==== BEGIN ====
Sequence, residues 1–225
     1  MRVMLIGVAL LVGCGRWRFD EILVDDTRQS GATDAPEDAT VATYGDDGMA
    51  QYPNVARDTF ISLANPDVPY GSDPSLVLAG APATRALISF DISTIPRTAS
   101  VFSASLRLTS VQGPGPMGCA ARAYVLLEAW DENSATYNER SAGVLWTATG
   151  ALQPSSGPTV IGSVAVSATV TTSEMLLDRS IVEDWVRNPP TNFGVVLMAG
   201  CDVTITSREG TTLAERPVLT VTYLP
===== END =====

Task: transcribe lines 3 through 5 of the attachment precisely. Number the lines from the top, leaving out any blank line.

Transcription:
    51  QYPNVARDTF ISLANPDVPY GSDPSLVLAG APATRALISF DISTIPRTAS
   101  VFSASLRLTS VQGPGPMGCA ARAYVLLEAW DENSATYNER SAGVLWTATG
   151  ALQPSSGPTV IGSVAVSATV TTSEMLLDRS IVEDWVRNPP TNFGVVLMAG